As the market has heated up, the question of authenticity has become dominant. There are any number of jade-related websites that discuss and demonstrate the technique for traditional treadle carving, the dating of objects by motif, and the importance of verifiable provenance, to name just a few. While educational in intent, they provide a virtual instruction manual to those who want to profit illicitly from the rise in prices and the competitive nature of this market. There are now websites that offer items marked as ‘tribute’ goods, which are made using the traditional methods. These are not regarded as ‘knock offs’ per se, but are sometimes marked in an ambiguous manner. How does one tell the difference and how to proceed?
I turned to some recognized dealers for their thoughts.
The London-based dealer Michael Backman (www.michaelbackmanltd.com), when asked how he sources his stock, commented:
We buy almost all our items from within the UK. The UK remains one of the world's best sources of Asian antiques on account of its extensive colonial past. Many such items have been in the UK for many decades, sometimes much longer, and were brought back by colonial administrators and the like. Such provenance helps to avoid fakes, reproduction pieces, and pieces that have been heavily modified or restored. Many items available in Asia today have questionable provenance, excessive restoration or are reproduction pieces. Also, the UK was wealthy early on and imported many art-related goods from its colonies, which were retailed in London and elsewhere. Many of these items came to the UK over 100 years ago, they were new when they arrived and in most cases have been well maintained since. Ironically the UK, particularly, is a better source of antiques, with good provenance, from Asia, Africa and the Middle East than are most countries in these regions today.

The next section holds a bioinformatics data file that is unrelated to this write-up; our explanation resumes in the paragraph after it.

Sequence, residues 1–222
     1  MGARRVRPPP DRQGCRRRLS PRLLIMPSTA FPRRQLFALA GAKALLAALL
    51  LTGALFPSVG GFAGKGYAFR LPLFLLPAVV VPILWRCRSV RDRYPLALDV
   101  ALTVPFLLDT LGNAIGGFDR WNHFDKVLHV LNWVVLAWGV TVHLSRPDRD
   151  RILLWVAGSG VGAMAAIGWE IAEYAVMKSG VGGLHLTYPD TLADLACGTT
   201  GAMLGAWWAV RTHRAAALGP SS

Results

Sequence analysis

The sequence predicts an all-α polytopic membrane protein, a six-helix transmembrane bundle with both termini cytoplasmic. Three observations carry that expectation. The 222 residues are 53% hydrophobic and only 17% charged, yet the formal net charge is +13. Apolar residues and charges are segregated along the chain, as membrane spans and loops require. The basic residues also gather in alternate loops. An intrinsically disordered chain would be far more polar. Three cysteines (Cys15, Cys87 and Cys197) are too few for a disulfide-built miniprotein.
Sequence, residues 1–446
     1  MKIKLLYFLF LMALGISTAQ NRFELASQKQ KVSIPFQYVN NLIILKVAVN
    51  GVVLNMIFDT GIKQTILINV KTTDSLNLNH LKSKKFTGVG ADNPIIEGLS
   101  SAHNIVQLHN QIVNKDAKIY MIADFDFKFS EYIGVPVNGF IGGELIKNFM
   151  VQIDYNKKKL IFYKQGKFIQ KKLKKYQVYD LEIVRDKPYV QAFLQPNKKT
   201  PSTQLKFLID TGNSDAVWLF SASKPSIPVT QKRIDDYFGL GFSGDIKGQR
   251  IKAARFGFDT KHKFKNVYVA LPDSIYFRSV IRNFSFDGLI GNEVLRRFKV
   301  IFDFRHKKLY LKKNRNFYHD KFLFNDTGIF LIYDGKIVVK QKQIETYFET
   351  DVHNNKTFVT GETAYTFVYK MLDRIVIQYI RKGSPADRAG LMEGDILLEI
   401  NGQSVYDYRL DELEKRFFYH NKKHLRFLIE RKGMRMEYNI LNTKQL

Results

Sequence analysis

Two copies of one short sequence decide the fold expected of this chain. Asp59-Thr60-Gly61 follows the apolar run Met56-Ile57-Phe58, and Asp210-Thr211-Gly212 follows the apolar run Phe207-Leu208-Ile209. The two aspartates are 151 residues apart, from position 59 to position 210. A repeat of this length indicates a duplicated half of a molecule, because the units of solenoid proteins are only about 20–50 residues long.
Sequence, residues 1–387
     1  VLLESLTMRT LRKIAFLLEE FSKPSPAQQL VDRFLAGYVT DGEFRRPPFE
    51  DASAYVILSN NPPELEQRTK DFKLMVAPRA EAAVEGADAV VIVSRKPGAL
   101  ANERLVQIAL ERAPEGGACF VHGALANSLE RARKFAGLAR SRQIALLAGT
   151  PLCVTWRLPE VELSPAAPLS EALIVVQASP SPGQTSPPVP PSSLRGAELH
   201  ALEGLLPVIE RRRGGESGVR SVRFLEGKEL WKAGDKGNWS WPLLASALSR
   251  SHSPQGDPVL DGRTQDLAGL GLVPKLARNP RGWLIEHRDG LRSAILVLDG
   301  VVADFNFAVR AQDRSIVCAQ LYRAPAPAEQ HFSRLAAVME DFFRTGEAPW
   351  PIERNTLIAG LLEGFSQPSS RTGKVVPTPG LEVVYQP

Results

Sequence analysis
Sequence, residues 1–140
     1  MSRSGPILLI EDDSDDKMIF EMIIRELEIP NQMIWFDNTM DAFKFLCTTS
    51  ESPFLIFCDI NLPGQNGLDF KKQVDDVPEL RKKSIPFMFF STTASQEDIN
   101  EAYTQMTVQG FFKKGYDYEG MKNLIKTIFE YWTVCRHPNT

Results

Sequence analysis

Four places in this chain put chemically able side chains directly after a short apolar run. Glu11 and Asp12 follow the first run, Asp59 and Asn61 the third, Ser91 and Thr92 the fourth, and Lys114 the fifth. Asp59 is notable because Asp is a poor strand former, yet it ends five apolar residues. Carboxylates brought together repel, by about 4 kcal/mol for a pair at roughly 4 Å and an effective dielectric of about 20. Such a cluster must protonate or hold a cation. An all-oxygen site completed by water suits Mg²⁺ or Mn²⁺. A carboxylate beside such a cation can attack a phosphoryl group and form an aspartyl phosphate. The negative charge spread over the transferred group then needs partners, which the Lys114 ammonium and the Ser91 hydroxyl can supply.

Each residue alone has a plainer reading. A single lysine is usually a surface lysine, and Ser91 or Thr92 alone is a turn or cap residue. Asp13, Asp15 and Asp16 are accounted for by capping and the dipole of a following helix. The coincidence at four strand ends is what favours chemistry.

Mr Backman also suggested that:
as the more traditional areas of Chinese interest – jade, porcelain, etc. – have become so expensive, demand from mainland Chinese buyers has shifted to other entirely new areas, such as Chinese export silver. An interesting aspect of this is that many pieces were not produced in China at all but by Chinese communities in Bangkok, Singapore and Vietnam. Many such items have Chinese shop marks and so it is assumed that they are Chinese export when in fact they have nothing to do with China itself.
In Canada, Susan Dods and photographer Bob Birt (http://www.rpbirt.com) publish the PhotoBlog PrivateCollection (www.susandods.com). Ms Dods is a veteran antique jewellery dealer and collector whose attention turned to the Chinese silver ornament market ten years ago when she was dealing in high-end Mexican silver. She started to come across silver jewellery that bore the same markings as the Mexican pieces with which she is familiar. These pieces were clearly something different and a new area of business and scholarship resulted.